It was only going to be a matter of time until Rory McIlroy posted another win and the venue he broke through showed his pedigree in winning The Players Championship at the Stadium Course at TPC / Sawgrass. For a number of weeks the Northern Irishman exhibited a steady game via continual high finishes but claiming the PGA Tour’s flagship event was quite impressive.
McIlroy had not won since the 2018 Arnold Palmer Invitational and the persistent issues raised concerns for his inability to finish off tournaments. Rory has played in six PGA Tour events since the Sentry Tournament of Champions — his worst finish 6th. The continual wherewithal to always be in the mix showed plenty but the win at The Players now signals a break through that could very well reach a crescendo when the Northern Irishman reaches Augusta in a few weeks. Think of it this way McIlroy’s win at The Stadium Course was his 15th on the PGA Tour. He joins the likes of Jack Nicklaus and Tiger Woods to have won at least four majors and 15 wins before the age of 30. That’s elite company.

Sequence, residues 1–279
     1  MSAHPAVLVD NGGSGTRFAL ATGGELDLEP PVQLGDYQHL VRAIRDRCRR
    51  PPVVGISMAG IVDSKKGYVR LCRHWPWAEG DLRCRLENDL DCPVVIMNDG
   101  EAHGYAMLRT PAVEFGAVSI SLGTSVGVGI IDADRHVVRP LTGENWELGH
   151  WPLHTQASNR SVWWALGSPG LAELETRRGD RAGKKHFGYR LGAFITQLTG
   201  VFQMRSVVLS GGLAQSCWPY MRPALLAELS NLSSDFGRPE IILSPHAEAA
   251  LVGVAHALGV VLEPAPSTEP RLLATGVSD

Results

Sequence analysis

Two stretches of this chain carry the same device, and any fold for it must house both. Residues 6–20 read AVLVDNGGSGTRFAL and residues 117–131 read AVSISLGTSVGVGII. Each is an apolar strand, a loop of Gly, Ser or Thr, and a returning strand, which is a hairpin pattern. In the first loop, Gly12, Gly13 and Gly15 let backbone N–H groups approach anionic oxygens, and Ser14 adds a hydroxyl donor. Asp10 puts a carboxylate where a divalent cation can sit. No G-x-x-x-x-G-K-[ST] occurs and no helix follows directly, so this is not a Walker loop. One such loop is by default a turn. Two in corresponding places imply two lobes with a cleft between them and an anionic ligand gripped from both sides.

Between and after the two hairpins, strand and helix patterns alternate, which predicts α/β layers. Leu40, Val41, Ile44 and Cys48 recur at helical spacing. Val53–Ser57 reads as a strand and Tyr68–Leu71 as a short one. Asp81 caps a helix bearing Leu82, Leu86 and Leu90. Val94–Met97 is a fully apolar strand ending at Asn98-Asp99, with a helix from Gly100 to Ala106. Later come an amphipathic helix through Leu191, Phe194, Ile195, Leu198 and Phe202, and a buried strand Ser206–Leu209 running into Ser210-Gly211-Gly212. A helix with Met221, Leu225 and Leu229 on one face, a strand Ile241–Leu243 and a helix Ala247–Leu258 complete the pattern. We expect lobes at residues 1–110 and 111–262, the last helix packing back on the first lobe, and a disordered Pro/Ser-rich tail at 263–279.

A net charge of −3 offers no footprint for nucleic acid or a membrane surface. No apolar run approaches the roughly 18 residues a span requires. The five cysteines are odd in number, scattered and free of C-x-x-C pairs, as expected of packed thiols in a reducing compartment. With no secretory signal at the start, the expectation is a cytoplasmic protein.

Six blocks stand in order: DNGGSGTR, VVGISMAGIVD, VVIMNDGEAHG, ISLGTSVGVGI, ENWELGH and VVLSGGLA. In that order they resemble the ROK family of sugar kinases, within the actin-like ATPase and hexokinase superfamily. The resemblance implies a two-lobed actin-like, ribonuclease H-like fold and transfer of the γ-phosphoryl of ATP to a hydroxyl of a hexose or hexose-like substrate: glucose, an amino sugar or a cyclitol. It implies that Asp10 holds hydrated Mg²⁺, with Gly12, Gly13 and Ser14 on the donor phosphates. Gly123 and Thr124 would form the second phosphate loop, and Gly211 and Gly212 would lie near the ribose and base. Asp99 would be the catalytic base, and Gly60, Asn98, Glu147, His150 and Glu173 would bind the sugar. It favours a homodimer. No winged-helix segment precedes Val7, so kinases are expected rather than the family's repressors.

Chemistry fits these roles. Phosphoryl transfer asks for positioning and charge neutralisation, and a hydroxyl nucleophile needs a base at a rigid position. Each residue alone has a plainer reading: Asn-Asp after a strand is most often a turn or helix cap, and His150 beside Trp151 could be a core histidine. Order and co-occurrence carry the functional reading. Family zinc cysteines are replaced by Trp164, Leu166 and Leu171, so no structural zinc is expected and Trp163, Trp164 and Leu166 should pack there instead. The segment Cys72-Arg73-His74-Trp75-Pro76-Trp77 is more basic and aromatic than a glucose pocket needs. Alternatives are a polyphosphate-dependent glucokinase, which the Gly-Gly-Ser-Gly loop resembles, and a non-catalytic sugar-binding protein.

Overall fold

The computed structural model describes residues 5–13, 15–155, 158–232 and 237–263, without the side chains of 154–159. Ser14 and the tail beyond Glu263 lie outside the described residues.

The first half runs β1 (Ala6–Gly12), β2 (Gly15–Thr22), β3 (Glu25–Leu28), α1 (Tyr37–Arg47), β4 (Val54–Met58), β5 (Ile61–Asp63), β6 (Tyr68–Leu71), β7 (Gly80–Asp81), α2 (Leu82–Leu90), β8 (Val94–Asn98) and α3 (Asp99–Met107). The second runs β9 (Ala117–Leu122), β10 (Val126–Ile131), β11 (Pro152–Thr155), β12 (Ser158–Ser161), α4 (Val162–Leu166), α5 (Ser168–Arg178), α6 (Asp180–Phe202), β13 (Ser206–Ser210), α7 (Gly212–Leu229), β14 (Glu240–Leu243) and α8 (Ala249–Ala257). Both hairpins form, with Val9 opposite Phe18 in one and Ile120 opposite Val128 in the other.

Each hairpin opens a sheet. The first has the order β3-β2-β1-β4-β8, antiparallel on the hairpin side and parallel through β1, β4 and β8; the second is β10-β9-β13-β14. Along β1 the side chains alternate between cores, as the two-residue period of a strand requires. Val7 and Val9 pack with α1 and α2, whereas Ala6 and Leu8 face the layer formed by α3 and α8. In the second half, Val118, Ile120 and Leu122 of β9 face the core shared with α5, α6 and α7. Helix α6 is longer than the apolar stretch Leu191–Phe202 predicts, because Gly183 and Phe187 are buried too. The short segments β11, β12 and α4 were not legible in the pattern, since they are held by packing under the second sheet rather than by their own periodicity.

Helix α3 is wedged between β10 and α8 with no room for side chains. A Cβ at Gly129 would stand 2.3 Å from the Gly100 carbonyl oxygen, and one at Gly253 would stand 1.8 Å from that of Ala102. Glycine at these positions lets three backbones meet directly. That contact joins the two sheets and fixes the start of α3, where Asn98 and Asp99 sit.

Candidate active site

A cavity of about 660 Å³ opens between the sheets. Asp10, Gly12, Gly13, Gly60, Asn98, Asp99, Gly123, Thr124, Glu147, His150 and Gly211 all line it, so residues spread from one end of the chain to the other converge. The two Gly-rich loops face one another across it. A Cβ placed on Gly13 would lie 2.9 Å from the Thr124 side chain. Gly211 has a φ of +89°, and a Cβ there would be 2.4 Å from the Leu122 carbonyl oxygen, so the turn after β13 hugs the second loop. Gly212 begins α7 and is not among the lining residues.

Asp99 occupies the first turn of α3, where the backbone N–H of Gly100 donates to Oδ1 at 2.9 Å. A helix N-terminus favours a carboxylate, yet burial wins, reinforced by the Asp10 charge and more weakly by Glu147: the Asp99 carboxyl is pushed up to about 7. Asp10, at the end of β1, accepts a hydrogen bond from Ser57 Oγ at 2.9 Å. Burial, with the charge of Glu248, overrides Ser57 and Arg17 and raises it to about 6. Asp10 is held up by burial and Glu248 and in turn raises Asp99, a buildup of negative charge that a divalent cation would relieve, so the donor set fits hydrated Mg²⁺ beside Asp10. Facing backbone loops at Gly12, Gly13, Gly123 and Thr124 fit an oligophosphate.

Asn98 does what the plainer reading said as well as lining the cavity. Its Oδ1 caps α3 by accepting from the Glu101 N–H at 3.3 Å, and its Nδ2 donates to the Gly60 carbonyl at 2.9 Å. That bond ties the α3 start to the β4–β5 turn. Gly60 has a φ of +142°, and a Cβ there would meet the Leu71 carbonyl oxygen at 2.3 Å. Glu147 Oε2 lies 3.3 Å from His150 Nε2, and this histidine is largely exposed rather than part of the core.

When heading to Augusta National, McIlroy will seek to do what only one other person has done — win The Players and Masters in the same year. The lone person do so? Woods in 2001. Again elite company should he accomplish that.
By winning his first green jacket McIlroy would join one of golf’s most prestigious groups — men having won all the Grand Slam events in a career. The names of Gene Sarazen, Ben Hogan, Gary Player, Nicklaus and Woods make up that august group. McIlroy would become the first European player to do so.
Rory’s last major win came in 2014. That’s nearly five years ago. While others named Dustin Johnson, Jordan Spieth, Jason Day, Justin Rose, Brooks Koepka have garnered headlines since that time McIlroy has been holding in place. What many thought would be a dominant presence in the manner of Woods when winning back-to-back majors in ’14 resulted in a stifling plateau position.
Credit McIlroy for demonstrating serious grit at The Players. He did not get off to a fast start and when he bogied the par-4 14th after missing a very makeable putt the possibility existed the round might come off the rails resulting in another high finish but no title to show for it. At the 15th hole Rory pushed his tee shot into a fairway bunker. It was at this moment McIlroy did what all great players do — bouncing back and righting the ship immediately. His approach to 15 feet was followed by center-cut putt for birdie and back into a tie for the lead.
At the par-5 16th he absolutely flushed a tee shot of 347 yards leaving him no more than 174 yards and a 9-iron — no misprint here — into the green. The two putt birdie pushed him in front and he followed with two air-tight pars at the devilish 17th and 18th holes to seal the deal.